A geeky girl living in the big city, making her way, the only way she knows how... no wait, that's The Dukes of Hazzard. Who am I again? Oh yeah, a pop culture obsessed writer, publishing person, and occasional nerd. And I'm getting married. I talk about that, too.

Monday, May 14, 2007

Superhero comics for girls?

An interesting post over at Galleycat which synthesizes some of the current blogosphere debate about superhero comics appealing (or not) to women.
It all began last Wednesday, when a young woman who loves superheroes said she wants to "yell at everyone who tries to tell me that I'm not supposed to like something because I don't happen to possess a Y chromosome," and comics blogger Johanna Draper Carlson reacted by saying "'superhero comics aren't for girls' is true the same way 'romance novels aren't for boys' or 'action movies aren't for girls' are." Pegging those forms as "gender-identified genres," Draper Carlson says that "cross-gender participants" need to recognize that they aren't the target audience and that that's not likely to change.
I need to go follow all the links and read more, but it's interesting. And reminds me that I want to call my friend at Marvel for a copy of Civil War.

Edited: One of the links near the bottom of the Galleycat article goes to Journalista, who I think makes a very interesting point about the audience for comics in general
Mandating a set of rules intended to show respect for women wouldn't make superhero decadence any more palatable to new female readers than the current comics have proven capable of fostering new male readers. For non-initiates, the majority of these comics are arcane in reference, contain a bizarre and incompatable mixture of juvenilia and adult content, and just aren't very much fun to read. These days, superhero comics are written for men between 25-35 years of age who've been reading such things for a decade or more, and their creators long ago lost sight of what once made superhero comics a mass-market genre. They aren't written for women, but neither are they written for men who don't fit the demographic. They certainly don't appeal to children. Modern superhero comics aren't anti-female; they're anti-reader. Fix that problem, and the rest will fix itself.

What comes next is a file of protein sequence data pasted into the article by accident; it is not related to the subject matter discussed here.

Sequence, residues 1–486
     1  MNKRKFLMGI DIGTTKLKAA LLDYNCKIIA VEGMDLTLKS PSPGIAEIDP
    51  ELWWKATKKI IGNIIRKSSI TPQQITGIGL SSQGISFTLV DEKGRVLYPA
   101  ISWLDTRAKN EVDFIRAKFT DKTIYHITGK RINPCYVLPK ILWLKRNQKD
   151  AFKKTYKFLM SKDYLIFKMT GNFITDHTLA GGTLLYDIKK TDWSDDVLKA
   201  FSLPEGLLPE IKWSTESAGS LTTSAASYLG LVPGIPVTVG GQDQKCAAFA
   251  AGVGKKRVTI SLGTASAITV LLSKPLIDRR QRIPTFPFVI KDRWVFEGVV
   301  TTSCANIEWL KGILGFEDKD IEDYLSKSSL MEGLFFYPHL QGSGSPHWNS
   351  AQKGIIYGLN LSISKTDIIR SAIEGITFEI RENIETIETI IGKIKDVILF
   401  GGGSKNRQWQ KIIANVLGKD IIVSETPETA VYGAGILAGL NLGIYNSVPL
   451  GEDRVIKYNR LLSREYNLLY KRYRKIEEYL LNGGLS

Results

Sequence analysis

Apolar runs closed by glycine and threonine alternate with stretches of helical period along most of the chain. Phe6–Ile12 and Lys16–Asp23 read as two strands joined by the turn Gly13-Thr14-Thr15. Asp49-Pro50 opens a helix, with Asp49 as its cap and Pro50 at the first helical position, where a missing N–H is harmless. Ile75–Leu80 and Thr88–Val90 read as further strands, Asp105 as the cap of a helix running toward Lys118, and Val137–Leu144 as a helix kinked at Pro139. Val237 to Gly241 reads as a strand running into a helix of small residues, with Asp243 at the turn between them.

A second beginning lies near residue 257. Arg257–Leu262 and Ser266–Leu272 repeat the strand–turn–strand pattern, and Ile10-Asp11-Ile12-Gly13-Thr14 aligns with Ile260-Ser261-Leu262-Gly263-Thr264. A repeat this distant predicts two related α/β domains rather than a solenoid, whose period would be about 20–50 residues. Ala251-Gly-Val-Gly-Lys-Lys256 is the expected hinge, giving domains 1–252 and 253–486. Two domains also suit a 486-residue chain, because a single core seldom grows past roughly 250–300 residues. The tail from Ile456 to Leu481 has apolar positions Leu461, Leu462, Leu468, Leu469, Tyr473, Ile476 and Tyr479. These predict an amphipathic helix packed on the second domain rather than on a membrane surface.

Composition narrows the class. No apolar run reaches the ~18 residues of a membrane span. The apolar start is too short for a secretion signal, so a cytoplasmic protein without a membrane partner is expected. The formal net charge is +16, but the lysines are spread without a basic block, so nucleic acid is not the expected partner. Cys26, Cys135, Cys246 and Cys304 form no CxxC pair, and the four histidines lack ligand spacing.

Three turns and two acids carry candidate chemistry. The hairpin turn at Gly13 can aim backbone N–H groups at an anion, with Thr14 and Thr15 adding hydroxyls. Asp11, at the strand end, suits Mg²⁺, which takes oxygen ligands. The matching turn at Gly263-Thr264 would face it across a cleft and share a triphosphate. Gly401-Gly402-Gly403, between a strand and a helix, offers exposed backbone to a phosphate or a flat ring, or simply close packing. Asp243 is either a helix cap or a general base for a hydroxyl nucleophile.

Scan down to the bottom of the page for Comics Culture to read his whole argument.

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3 Comments:

Blogger DeAnna said...

Hee! Way to go on that last quote from Journalista.

5/14/2007 8:00 PM

 
Blogger ktbuffy said...

I think he's talking about the very problem I have myself with picking up a comic book nowadays. Aside from a few rare series that I can grab from the beginning (or read in trade paperback, like Planetary), with almost everything else that I'd want to read, I feel like I will never be able to catch up on all the backstory.

I think that might be why I liked Neil Gaiman's 1602 storyline. Even in terms of Joss' Astonishing X-Men, I had to ask a friend (a male reader between the ages of 25-35) about some of the references and backstory.

5/14/2007 10:57 PM

 
Blogger ***Dave said...

Without reading any of the backlinked detail, I submit that:

a. Yes, most mainstream comics (and a number of independents) are more focused on a male audience than female, and that the target age is probably about where the quoted folks place it.

b. Most of the creative talent fits that demographic, too.

c. There are numerous exceptions to a-b.

d. The "Golden Age" of comics is what everyone remembers reading first. But that's lightning in a bottle -- you can never go back to it, any more than the paperback market is likely (esp. in the genre areas) to return to the sensibilities and style of the 60s or 70s or 80s.

e. There are a lot of comics I have fun with. There are a lot I don't. I buy the former, not the latter, and it doesn't seem to have cut down on my purchasing all that much. I just keep trying new things (and sticking with the old until I can't stand them).

There are as many opinions as to what's "wrong" with the comics industry as there are producers and consumers in it. In most cases, the suggestions for how to help are not all that helpful.

5/15/2007 12:03 AM

 

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